Review of The Southern Book Club's Guide to Slaying Vampires by Grady Hendrix
Updated: Aug 2, 2020
Things don't all work out too easily, but characters' courage is satisfyingly rewarded.
Hendrix explores Patricia's daily life as a housewife in the 1990s Charleston, SC, area, including her repetitive and thankless cycle of tasks. She's underappreciated and likely to apologize too quickly; her husband keeps missing the heart of events and their implications; everyone around her is overly concerned with appearances. She was once a nurse but now feels a little lost in her purpose, drifting along with a daily routine dictated by others' needs.
I had imagined that the tone of The Southern Book Club's Guide to Slaying Vampires would be campy, but no. Hendrix explores trust, perception as reality, and paralysis and inaction in the face of danger. There's an undercurrent of insidious, creepy, at times horrifying events. (And enough disturbing creature-centered scenes to inspire the stifling of some screams.)
The men in this story largely control the women, including their abilities to voice concerns, contact the authorities, or take even small stands. This feels more old-fashioned than the era in which the story is set, but it's handy for the story. The male characters become easy to detest for actions and attitudes that are ineffectual, sometimes lazily destructive, greedy, and chauvinistic.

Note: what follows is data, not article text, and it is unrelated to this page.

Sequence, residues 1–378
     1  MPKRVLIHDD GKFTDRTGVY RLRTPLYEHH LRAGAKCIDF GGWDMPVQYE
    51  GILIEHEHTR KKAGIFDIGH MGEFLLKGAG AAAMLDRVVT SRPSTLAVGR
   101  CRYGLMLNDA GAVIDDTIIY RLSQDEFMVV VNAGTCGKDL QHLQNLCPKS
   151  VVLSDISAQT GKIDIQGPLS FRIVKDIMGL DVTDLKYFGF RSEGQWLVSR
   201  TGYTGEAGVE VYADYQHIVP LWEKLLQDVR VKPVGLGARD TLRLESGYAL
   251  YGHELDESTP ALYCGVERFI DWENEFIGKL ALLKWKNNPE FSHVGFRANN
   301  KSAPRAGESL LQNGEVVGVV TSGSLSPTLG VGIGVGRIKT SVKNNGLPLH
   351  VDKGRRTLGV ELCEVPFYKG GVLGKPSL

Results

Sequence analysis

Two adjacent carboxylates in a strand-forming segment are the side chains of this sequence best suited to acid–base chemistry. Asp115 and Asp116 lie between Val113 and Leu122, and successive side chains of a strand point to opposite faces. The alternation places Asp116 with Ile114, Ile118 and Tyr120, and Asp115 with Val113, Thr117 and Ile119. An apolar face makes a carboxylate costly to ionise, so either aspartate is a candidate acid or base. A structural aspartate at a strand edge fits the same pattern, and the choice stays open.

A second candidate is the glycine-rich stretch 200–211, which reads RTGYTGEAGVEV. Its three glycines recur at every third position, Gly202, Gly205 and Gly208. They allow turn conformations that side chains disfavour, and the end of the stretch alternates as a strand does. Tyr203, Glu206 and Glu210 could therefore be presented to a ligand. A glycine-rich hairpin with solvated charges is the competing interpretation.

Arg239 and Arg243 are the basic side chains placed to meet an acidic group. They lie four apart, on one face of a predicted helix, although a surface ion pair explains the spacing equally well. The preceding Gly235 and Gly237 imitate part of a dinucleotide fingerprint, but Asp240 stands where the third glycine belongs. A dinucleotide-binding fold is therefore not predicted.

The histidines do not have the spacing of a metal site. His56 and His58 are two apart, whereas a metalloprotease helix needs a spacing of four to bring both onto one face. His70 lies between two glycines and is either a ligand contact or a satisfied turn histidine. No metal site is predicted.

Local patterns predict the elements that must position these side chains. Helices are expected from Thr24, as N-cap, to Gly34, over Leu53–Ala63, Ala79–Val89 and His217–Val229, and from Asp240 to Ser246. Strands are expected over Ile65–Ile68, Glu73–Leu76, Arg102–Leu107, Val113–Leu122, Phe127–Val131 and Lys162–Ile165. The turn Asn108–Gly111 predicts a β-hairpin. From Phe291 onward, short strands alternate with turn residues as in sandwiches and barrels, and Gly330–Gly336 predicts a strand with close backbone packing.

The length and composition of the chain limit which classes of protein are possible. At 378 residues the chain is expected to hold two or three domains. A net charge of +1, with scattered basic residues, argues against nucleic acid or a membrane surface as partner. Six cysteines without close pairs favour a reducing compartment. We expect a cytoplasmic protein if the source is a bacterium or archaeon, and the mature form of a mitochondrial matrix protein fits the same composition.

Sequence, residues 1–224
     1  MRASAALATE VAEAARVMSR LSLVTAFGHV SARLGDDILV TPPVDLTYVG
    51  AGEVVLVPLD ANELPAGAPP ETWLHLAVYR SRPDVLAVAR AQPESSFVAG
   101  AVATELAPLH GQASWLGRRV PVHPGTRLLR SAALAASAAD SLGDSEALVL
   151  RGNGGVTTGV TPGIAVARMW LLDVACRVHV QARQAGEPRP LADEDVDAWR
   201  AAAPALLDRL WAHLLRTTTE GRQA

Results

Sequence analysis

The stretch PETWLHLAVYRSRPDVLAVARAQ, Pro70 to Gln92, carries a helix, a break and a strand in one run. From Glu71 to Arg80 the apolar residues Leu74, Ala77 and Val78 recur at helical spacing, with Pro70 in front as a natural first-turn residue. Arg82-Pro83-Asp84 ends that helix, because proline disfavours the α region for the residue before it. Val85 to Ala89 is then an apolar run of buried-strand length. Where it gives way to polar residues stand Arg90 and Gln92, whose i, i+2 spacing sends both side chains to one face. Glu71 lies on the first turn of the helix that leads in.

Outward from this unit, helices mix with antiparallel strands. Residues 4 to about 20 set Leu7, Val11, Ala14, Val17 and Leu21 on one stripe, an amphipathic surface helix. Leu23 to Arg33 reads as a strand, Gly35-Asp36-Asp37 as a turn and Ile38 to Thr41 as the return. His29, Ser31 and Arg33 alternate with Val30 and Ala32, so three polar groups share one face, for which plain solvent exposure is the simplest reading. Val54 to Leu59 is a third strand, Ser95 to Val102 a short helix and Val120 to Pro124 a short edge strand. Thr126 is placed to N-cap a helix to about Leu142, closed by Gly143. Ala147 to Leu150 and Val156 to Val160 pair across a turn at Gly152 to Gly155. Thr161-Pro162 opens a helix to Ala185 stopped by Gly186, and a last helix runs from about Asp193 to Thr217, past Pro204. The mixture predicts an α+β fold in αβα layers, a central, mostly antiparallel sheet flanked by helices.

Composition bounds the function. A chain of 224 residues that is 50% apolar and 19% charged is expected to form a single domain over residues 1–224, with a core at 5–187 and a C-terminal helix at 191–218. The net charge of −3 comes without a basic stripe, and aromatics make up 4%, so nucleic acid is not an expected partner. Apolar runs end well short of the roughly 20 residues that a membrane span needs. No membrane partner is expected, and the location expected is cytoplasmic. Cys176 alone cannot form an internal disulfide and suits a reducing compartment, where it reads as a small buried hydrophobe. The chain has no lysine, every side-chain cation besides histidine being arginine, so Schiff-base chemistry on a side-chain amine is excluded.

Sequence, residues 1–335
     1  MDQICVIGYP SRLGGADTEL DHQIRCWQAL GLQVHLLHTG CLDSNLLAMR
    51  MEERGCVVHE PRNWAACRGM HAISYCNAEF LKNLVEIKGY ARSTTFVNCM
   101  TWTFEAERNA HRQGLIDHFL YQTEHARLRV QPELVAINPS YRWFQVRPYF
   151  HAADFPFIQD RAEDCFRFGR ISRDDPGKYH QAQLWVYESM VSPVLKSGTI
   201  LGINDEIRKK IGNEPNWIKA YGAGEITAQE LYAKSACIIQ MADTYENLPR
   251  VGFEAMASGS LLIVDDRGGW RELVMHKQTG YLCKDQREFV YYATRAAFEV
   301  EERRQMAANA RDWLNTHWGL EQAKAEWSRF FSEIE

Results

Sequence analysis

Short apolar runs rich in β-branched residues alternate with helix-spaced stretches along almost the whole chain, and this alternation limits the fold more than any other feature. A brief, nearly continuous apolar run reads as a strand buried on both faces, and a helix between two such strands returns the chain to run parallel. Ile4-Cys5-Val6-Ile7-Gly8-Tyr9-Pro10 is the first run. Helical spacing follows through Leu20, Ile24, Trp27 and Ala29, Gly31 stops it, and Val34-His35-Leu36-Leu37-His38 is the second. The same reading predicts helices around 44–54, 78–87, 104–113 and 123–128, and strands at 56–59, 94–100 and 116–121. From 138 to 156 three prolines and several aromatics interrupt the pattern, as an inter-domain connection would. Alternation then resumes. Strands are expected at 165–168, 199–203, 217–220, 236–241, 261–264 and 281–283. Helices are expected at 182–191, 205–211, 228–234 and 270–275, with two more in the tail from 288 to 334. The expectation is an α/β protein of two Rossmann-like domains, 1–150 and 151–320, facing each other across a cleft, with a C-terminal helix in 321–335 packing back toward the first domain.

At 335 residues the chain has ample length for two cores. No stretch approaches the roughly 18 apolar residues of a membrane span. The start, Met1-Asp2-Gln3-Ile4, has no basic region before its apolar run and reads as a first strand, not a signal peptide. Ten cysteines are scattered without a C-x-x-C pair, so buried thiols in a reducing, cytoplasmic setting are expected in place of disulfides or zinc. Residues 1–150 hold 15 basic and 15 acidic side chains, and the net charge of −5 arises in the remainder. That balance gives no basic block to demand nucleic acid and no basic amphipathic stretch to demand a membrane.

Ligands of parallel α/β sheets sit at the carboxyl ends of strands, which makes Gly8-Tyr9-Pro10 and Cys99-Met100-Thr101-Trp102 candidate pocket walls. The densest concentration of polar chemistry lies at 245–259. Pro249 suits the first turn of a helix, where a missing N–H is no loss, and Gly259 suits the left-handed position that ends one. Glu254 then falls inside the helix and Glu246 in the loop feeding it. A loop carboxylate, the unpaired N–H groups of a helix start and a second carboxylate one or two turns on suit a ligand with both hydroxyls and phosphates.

Race is an issue here; a heroic black character is reduced to begging white employers to help focus police and media attention on a terrifying child-focused crisis in the black community. This character is later key to bravely resolving the main and significant conflicts of the story when a mysterious stranger worms his way into the heart of the community and wreaks havoc.
Hendrix sets up the push-and-pull of conflicting pressures here: responsibility and risk; following gut feelings over worrying about propriety; the complications of choosing loyalty and action over turning a blind eye.
And let's not forget: vampires! The logistics of the vampire feeding and the feeding mechanism inspired open-mouthed horror as I was reading. Not everything ends up working out too easily, but courage is satisfyingly rewarded. A quick and consuming (pun!) read.
What did you think?
This is mostly a story about feeling stuck, and friendship, and listening to your instincts, with vampires serving mainly as a catalyst for change. Looking forward to reading Hendrix's My Best Friend's Exorcism.